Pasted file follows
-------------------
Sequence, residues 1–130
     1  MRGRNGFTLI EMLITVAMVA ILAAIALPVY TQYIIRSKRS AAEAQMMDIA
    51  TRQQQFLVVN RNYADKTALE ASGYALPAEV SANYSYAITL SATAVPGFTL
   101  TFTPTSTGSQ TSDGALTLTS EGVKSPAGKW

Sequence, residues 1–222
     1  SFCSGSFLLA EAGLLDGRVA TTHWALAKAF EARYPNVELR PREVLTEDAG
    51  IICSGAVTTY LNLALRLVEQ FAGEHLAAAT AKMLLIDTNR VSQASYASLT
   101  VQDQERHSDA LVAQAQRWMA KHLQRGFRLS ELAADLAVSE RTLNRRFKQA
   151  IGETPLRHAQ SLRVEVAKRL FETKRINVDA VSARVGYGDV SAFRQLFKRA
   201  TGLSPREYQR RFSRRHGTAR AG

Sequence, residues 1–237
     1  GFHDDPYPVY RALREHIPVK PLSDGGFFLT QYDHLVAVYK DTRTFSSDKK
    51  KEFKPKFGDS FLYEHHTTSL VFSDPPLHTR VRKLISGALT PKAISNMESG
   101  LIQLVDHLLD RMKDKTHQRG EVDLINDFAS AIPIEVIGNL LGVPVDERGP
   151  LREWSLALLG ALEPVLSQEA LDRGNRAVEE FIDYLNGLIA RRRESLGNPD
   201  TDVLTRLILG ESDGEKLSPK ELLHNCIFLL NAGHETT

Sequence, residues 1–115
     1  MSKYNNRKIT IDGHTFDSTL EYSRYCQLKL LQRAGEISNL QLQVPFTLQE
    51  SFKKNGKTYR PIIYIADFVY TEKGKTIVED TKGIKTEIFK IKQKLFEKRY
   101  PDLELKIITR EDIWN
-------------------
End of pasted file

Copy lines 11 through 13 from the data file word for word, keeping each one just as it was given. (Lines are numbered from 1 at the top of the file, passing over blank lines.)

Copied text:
Sequence, residues 1–237
     1  GFHDDPYPVY RALREHIPVK PLSDGGFFLT QYDHLVAVYK DTRTFSSDKK
    51  KEFKPKFGDS FLYEHHTTSL VFSDPPLHTR VRKLISGALT PKAISNMESG